Kate Beattie

Kate BeattieKate Beattie is a barrister at 1 Crown Office Row. Kate’s expertise spans public and private law with particular expertise in public law, human rights and equality. She regularly acts for claimants in human rights and judicial review challenges, and has a high profile public inquiry and inquest practice. Kate has been appointed to the Panel of Counsel to the Equality and Human Rights Commission and has acted in cases before the European Court of Human Rights in Strasbourg.


Please tell us about your best day at work?

At the Bar, probably winning two leading challenges to the policy and practice of “Do Not Attempt Cardiopulmonary Resuscitation” Orders on behalf of patients and their families, which have ensured that patient rights to notification and consultation about crucial decisions affecting their end of life are respected.  It makes such a difference to people’s experience of this already painful time in their lives.  The cases were pretty fiercely resisted by the hospitals involved and the Secretary of State for Health, making the wins all the more satisfying!

What do you think is the greatest challenge for women looking to access justice in the UK?

Challenges to access to justice are coming from all angles at the moment – cuts to legal aid, even in crucial areas like domestic violence, restrictions on judicial review, employment tribunal fees and the introduction of so-called “enhanced” civil court fees which can see a claimant have to stump up £10,000 just to issue a claim in the civil courts, to name a few examples.  It is a matter of great concern and there will come a point where such changes have a cumulative effect of undermining the rule of law in the UK, something we tend to think is an issue for other countries but not here.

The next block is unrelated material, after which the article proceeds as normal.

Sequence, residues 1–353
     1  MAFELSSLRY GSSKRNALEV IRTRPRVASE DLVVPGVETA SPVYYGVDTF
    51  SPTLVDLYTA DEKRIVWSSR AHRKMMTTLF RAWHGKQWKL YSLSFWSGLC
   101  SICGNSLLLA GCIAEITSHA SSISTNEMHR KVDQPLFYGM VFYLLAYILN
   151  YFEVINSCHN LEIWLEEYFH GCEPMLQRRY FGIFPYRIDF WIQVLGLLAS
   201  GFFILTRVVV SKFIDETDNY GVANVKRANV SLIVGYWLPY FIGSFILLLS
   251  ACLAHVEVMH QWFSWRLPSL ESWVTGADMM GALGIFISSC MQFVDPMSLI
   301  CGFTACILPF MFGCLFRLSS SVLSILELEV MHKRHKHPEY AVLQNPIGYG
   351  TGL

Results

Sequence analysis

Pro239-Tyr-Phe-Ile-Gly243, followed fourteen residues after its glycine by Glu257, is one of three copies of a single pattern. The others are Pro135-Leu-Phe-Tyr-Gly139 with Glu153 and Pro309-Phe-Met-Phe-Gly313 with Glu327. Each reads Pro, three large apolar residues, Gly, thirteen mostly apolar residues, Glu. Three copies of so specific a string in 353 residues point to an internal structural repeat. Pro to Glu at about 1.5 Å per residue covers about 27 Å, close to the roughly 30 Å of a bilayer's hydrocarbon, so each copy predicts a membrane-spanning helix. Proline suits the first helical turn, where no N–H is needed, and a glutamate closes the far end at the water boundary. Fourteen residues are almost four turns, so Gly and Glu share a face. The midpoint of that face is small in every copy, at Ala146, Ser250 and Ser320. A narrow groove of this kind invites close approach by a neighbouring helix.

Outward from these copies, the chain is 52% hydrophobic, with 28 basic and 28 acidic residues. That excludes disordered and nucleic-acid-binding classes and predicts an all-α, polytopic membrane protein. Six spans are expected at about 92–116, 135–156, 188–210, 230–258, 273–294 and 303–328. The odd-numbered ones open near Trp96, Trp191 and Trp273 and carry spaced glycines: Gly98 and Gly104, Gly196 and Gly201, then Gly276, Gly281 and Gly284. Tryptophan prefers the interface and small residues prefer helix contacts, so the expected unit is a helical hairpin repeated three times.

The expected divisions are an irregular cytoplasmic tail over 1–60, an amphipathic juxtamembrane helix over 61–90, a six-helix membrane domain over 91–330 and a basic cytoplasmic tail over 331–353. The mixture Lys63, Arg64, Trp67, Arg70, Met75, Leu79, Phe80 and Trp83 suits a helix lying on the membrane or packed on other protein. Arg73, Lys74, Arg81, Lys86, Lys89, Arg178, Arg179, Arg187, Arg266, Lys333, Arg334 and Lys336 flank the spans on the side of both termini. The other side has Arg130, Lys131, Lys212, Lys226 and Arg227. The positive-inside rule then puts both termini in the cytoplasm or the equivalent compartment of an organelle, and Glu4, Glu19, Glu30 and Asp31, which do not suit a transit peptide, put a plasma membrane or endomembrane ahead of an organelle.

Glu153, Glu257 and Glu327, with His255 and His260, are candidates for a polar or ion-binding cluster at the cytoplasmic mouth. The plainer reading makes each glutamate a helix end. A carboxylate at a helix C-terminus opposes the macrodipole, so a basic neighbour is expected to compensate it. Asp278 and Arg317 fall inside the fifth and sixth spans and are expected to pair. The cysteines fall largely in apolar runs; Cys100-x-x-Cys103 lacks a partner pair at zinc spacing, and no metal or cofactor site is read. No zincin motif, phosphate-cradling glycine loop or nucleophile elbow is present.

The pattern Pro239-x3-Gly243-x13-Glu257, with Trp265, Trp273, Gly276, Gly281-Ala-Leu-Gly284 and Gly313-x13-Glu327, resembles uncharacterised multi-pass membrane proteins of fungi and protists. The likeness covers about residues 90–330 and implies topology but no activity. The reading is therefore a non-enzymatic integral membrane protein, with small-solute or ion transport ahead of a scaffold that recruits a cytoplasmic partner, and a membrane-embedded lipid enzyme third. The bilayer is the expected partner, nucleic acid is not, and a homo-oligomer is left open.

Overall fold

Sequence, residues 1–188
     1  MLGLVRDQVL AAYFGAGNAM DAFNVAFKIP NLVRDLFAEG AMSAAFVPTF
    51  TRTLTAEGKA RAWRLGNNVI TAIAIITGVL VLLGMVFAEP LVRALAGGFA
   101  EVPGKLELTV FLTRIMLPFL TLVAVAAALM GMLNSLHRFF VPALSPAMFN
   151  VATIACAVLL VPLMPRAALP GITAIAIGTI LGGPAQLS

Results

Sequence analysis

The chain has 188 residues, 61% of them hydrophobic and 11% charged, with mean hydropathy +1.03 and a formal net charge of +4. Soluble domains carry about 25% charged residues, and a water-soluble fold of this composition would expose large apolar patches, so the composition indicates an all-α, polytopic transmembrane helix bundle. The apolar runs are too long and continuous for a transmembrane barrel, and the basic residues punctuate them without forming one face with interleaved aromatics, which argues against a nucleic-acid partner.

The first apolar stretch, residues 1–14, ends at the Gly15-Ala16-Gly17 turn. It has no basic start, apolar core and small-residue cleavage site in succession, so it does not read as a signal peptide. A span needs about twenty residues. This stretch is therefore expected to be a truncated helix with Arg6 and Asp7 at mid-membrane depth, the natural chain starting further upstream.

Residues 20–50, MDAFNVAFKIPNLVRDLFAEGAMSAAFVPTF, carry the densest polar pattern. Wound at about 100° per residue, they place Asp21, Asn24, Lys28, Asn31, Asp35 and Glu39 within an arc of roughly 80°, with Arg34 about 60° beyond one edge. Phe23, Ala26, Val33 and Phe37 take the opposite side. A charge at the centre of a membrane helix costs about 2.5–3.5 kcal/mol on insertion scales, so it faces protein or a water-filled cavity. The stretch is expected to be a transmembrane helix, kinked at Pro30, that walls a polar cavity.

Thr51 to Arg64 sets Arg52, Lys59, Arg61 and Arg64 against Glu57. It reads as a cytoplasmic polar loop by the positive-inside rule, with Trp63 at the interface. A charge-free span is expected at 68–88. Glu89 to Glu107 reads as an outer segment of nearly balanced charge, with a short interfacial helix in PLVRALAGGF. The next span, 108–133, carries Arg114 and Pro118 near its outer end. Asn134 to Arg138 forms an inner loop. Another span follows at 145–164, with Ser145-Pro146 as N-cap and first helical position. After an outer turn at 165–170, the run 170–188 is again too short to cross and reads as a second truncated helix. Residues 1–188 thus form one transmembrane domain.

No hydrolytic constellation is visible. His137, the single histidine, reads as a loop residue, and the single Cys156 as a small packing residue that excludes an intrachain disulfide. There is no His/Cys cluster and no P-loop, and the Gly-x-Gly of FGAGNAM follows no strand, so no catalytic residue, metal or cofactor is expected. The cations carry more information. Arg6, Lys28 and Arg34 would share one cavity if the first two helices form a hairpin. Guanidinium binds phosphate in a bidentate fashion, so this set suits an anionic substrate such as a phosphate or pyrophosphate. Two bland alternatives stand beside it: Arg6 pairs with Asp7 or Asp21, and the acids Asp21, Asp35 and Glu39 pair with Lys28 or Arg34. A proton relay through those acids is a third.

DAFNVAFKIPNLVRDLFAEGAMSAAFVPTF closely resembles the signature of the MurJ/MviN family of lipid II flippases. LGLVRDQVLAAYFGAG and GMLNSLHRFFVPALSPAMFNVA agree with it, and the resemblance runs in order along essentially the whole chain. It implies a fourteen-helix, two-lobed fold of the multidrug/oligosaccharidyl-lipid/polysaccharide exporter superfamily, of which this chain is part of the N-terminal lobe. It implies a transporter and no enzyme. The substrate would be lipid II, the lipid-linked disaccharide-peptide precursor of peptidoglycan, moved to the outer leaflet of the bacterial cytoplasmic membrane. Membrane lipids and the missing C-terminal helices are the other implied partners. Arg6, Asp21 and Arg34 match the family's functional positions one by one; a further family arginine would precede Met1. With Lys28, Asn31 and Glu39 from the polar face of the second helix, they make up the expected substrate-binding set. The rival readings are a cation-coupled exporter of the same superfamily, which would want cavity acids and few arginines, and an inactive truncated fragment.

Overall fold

Looking back on your career, how far do you think the UK has come towards gender parity in the legal profession?

The proportion of women in the top ranks of the judiciary is by no means exemplary, although there has been gradual improvement in the number of women judges in England and Wales.  By contrast, in my native Australia there have been five judges in our highest court, three are incumbents.  Pleasingly my own chambers has lot of female QCs, but the issue of gender parity and barriers to women maintaining their careers remains a constant topic among my peers in Chambers and in the profession more widely.  As more and more women enter the profession, the problem at the top becomes ever more stark.

Who, or what, inspires you most and why?

On a personal level, musicians and writers – because they capture the essence of life and can make my heart stop!  On a professional level, any number of female public law and human rights QCs.  It’s easier than ever to see them in action – you can have “Supreme Court Live” running on your computer in the background and dip in and out of their arguments.  It’s also a great way to see different advocacy styles.

What have you discovered during your career which you would have benefitted from knowing as a student?

That law is a diverse profession – I don’t mean in terms of gender diversity, but the diversity of types of work, workplaces and styles of working.  Think about your temperament and working style, and the kind of people you’d like to share your working life with, as much as the content and intellectual side of choosing an area of law.

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